|Author (Person)||Emerson, Michael|
|Publisher||Centre for European Policy Studies [CEPS]|
|Series Title||CEPS Essay|
|Series Details||No. 11, 8 April 2014|
|Content Type||Journal | Series | Blog|
In a new CEPS Essay, Michael Emerson assesses the initiatives taken by the UK and Dutch governments to cut out excessive EU regulatory intrusion, namely in the form of the ongoing British Balance of Competences Review and the Dutch list of 54 items of EU regulation that they would like to see repealed or reformed. He concludes that while one can approve of a campaign for better EU regulation and for cutting out unnecessary micro-regulation, it would require impressive commitment by all member states and the EU institutions to follow the best features of the British and Dutch leads for this to have a real effect in the fight against populist euroscepticism.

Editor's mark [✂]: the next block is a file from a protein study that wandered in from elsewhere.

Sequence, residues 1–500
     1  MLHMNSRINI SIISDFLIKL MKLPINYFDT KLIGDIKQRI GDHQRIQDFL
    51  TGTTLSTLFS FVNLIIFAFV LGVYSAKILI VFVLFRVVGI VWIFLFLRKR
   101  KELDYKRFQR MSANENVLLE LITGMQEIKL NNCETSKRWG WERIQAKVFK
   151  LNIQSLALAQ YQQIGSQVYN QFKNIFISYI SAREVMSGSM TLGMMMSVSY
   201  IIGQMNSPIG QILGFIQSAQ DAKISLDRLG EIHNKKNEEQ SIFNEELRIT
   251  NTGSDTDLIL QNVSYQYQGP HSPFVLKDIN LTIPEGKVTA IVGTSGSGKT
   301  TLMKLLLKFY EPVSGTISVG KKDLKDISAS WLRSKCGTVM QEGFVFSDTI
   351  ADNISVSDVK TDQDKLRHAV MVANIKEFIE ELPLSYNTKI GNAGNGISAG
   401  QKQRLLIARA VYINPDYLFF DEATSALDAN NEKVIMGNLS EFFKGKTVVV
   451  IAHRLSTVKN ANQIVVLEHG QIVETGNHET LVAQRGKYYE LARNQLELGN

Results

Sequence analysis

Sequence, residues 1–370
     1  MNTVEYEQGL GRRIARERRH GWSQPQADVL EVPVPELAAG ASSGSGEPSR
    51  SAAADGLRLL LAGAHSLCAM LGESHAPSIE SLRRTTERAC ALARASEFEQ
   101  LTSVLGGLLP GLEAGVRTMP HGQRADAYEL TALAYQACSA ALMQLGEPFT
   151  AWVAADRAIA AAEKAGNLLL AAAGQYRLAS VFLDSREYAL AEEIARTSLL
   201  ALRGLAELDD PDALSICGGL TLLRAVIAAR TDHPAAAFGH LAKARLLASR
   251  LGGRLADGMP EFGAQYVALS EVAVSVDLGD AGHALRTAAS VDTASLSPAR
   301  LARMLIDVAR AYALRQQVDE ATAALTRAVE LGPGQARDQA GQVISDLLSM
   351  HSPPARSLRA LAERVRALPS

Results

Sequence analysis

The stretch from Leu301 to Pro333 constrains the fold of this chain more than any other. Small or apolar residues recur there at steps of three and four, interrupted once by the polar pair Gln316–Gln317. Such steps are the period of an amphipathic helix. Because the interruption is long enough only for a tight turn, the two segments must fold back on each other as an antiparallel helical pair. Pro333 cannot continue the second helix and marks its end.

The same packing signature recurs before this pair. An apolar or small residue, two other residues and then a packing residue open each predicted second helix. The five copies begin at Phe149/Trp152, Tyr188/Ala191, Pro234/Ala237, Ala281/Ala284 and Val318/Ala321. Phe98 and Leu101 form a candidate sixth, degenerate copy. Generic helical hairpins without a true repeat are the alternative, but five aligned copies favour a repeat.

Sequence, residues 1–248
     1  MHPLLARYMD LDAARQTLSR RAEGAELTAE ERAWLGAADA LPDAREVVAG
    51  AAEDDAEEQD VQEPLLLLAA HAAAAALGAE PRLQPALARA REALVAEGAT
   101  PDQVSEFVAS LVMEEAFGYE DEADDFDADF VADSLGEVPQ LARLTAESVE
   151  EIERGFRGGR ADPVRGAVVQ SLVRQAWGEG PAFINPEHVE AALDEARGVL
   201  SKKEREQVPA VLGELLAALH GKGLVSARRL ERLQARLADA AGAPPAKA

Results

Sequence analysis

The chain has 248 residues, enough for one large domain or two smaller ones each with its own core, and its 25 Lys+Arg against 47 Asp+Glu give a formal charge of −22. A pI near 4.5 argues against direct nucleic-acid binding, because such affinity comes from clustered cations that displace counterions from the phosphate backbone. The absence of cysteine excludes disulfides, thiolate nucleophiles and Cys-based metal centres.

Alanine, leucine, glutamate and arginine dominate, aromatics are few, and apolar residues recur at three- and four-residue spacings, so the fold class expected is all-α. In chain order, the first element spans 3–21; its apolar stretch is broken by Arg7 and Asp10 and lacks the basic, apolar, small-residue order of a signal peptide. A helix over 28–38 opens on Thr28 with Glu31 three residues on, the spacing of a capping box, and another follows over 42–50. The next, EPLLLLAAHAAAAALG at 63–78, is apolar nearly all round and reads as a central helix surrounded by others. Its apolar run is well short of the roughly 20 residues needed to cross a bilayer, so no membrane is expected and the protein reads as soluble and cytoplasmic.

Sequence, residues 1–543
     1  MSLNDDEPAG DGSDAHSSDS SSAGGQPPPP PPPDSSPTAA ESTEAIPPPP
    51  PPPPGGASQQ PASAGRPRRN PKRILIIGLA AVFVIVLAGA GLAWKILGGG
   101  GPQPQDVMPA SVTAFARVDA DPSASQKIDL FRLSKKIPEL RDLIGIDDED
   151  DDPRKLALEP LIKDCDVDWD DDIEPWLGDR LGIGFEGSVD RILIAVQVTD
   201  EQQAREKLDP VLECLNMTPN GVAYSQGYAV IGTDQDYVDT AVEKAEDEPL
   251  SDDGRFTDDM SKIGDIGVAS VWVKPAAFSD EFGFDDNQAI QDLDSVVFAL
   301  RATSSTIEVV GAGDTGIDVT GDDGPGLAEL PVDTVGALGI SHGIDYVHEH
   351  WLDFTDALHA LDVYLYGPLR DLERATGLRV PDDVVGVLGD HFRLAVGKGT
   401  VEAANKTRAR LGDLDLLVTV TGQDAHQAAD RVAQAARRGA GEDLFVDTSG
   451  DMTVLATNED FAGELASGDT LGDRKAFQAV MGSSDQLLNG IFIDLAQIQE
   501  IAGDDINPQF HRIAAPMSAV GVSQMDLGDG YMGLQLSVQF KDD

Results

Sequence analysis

In his view, that battle will have to be won primarily with bigger weapons – some combination of better macroeconomic results, bigger foreign policy achievements and the emergence of a European-level political leadership to which the people can relate. In short, there has to be due proportionality in the diagnosis of the responsibility of inadequate subsidiarity for the EU’s ills.
|Subject Categories||Politics and International Relations|
|Countries / Regions||Europe, Netherlands, United Kingdom|